Many thanks March 2014 donors; special to Darren Duncan. April 2014 donations open; need minimum total $100. Let's exceed that.
Donate here. Donating gifts yourself and CZ. |
CZ:Cold Storage/Energy conversion
From Citizendium, the Citizens' Compendium
(moved here due to editors decision) |
|||
Line 1: | Line 1: | ||
+ | <big>Move into cold storage [http://en.citizendium.org/wiki?title=User_talk:Milton_Beychok&curid=100050940&diff=100443467&oldid=100443454&rcid=602465 due to editors decision].</big> [[User:Chris Day|Chris Day]] 08:04, 2 February 2009 (UTC) | ||
+ | |||
This article addresses analysis of '''energy conversion''' as it pertains to power cycles (Carnot, Brayton, Otto and Diesel), power cycle components/processes (compression, combustion and expansion) and compressible flow (nozzle, diffuser and thrust) ideal operation, T-s diagrams and performance trends. | This article addresses analysis of '''energy conversion''' as it pertains to power cycles (Carnot, Brayton, Otto and Diesel), power cycle components/processes (compression, combustion and expansion) and compressible flow (nozzle, diffuser and thrust) ideal operation, T-s diagrams and performance trends. | ||
Revision as of 08:04, 2 February 2009
Move into cold storage due to editors decision. Chris Day 08:04, 2 February 2009 (UTC)
This article addresses analysis of energy conversion as it pertains to power cycles (Carnot, Brayton, Otto and Diesel), power cycle components/processes (compression, combustion and expansion) and compressible flow (nozzle, diffuser and thrust) ideal operation, T-s diagrams and performance trends.
Power cycle analysis
In this section dealing power cycles, ideal and isentropic operation of Carnot, Brayton, Otto and Diesel cycles and their preformance trends are presented.
Carnot cycle
In the presented Carnot cycle analysis, only air is considered as the working fluid and behaving as a perfect gas. Specific heat has a constant value. Ideal gas state equation is valid, that is pv = RT.
Figure 1 contains a Carnot cycle schematic diagram. Air enters a compressor at point 1, and exits the compressor at point 2. Isentropic compression is considered with no entropy change. Air enters a heat exchanger -- heat addition -- at point 2, and exits the heat exchanger at point 3. At a constant temperature, heat addition takes place. Air enters a turbine at point 3, and exits the turbine at point 4. Isentropic expansion is considered with no entropy change. Air enters a heat exchanger -- heat rejection -- at point 4, and exits the heat exchanger at point 1. At a constant temperature, heat rejection takes place. It should be mentioned that air at point 1 enters the compressor and the cycle is repeated.
Figure 2 presents a temperature versus entropy of the Carnot cycle. The thermal efficiency of the cycle can be expressed as a function of the specific external work (i.e., specific net power output) and the added heat to the working fluid as follows:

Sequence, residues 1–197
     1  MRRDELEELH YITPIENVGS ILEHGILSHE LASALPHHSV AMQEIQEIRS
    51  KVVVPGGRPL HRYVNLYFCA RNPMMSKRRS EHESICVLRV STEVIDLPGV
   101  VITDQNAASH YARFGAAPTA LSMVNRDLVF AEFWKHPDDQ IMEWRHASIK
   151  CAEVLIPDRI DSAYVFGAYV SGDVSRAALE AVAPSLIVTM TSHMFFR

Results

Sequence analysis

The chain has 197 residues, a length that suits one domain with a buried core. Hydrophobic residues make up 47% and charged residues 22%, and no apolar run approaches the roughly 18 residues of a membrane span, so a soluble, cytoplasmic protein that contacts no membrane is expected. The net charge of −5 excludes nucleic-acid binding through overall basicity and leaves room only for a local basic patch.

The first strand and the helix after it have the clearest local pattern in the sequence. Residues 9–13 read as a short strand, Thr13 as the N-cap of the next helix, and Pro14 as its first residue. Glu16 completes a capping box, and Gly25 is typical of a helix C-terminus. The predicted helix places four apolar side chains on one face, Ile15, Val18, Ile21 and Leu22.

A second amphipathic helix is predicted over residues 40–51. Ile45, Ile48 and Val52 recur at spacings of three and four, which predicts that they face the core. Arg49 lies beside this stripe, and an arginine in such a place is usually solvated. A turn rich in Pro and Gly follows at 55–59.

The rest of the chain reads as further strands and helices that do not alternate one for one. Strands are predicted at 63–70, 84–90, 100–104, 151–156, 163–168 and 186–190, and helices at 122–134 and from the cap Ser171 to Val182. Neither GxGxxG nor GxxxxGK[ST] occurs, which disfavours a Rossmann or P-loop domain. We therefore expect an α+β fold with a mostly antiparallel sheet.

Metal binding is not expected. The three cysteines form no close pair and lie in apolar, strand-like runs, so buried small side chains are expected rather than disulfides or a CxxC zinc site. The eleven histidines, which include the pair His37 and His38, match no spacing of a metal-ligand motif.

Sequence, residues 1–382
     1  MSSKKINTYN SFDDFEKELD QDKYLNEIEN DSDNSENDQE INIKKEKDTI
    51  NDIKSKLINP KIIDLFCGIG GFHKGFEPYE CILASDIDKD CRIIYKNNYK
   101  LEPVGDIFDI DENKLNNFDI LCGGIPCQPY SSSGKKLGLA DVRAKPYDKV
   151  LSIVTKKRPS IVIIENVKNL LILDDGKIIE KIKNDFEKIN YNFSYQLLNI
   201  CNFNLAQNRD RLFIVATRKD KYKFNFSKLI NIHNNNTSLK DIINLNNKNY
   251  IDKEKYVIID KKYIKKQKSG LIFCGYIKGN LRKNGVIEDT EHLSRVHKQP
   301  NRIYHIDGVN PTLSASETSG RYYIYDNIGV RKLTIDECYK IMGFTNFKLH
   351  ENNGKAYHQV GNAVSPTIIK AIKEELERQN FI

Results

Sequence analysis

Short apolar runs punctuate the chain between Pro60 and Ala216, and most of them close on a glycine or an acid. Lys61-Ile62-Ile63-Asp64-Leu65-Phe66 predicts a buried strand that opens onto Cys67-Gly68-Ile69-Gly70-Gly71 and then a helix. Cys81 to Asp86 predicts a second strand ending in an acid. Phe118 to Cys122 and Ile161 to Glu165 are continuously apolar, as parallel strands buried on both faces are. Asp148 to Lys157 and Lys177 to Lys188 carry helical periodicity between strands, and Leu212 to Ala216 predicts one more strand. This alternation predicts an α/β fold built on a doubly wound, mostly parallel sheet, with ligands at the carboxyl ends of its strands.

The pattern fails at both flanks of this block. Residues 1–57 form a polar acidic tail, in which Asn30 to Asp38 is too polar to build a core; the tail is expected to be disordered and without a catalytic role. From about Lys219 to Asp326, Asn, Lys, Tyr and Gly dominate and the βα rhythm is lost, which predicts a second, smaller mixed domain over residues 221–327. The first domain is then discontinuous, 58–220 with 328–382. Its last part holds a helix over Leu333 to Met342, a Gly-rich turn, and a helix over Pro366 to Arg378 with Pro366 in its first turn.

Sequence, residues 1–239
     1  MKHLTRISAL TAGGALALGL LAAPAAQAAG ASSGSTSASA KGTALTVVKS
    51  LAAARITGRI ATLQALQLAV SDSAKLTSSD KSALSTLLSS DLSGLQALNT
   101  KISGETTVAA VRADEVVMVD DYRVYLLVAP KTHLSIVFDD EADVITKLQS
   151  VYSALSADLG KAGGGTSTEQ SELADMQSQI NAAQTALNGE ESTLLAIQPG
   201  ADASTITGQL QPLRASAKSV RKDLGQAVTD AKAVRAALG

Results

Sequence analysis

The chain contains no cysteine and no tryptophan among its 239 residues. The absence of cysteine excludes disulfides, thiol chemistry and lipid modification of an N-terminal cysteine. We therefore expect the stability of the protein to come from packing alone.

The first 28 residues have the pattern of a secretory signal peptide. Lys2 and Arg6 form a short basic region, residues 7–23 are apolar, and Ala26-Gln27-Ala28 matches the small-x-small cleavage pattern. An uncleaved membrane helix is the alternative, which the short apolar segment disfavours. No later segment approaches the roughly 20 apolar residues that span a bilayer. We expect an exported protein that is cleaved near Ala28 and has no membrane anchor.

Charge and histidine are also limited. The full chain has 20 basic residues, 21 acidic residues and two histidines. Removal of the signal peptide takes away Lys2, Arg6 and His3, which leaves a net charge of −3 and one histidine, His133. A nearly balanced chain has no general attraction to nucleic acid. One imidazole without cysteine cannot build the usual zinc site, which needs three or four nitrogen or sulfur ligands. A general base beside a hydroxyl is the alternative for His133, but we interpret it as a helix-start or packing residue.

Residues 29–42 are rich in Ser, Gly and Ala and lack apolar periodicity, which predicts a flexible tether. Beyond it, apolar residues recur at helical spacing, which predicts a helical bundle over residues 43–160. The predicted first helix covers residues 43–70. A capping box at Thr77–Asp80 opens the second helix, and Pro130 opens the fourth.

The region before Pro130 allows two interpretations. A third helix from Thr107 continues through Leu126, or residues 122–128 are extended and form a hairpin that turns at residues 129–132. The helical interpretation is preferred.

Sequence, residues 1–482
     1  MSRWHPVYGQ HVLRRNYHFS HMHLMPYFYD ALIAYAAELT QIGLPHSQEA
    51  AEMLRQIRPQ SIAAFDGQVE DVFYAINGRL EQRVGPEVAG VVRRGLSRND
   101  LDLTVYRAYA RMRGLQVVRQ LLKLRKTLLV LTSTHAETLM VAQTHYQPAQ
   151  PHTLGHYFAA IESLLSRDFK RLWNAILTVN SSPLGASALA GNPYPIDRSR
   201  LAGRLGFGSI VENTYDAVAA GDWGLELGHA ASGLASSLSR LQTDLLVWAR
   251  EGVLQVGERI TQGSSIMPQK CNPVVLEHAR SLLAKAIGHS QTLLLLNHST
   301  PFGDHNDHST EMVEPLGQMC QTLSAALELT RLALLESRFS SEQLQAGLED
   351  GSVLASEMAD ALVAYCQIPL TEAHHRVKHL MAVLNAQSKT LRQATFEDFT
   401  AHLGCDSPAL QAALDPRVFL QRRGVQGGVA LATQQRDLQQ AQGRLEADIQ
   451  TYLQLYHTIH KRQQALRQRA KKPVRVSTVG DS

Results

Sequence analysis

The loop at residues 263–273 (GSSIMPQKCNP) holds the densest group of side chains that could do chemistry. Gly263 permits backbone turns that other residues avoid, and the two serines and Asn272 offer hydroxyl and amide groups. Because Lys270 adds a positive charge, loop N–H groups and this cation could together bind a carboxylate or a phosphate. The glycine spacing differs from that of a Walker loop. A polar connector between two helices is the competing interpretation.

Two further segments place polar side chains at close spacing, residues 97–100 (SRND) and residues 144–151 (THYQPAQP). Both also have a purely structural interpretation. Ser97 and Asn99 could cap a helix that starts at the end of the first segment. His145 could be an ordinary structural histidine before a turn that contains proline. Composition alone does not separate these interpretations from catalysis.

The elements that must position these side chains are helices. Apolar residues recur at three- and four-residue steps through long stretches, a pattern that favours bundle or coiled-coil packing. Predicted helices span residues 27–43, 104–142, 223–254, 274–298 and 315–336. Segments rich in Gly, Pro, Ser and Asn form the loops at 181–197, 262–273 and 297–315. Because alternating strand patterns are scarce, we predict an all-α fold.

and
η is thermal efficiency, w is specific external work (i.e., specific net power output) [kJ/kg], w_{t} is expansion specific power output [kJ/kg], w_{c}is compression specific power input [kJ/kg], q_{h} is heat added to the working fluid [kJ/kg], q_{l} is heat rejected from the working fluid [kJ/kg], Δs is entropy change during heat addition and heat rejection, T_{A} is temperature during heat addition, T_{R} is temperature during heat rejection, T_{1} is compressor inlet temperature, T_{2} is compressor outlet temperature, T_{3} is turbine inlet temperature and T_{4} is turbine outlet temperature.
For the isentropic compressor and turbine:
and is 1.4 for air
and
Again, it follows that:
Thus, we see that the Carnot cycle efficiency is not dependant on the working fluid properties. It is dependent only on the inlet and outlet temperatures.
Figure 3 presents the Carnot cycle efficiency as a function of the heat addition temperature (with the compressor inlet temperature at ambient conditions of 298 K and 1 atm of absolute pressure).
Figure 4 presents the Carnot cycle efficiency as a function of the heat rejection temperature (with the turbine inlet temperature at 800 K.
It can be shown that the Carnot cycle efficiency increases with an increase in the heat addition temperature when the heat rejection temperature is constant, and the cycle efficiency decreases with an increase in the heat rejection temperature when the heat addition temperature is constant. To do so, the general assumptions are:
- The working fluid is air, there is no friction, the compression and expansion are isentropic, the air temperature does not change during the heat addition and heat rejection, the air behaves as an ideal gas (i.e., pv = RT) and the specific heat is constant.
The governing equations are:
The input data are: T_{1} = 298 K, p_{1} = 1 atm and k is 1.4 for air. The results are shown in Tables 1 and 2:
Heat Addition Temperature, K | Cycle Efficiency, % |
---|---|
Heat Rejection Temperature, K | Cycle Efficiency, % |
---|---|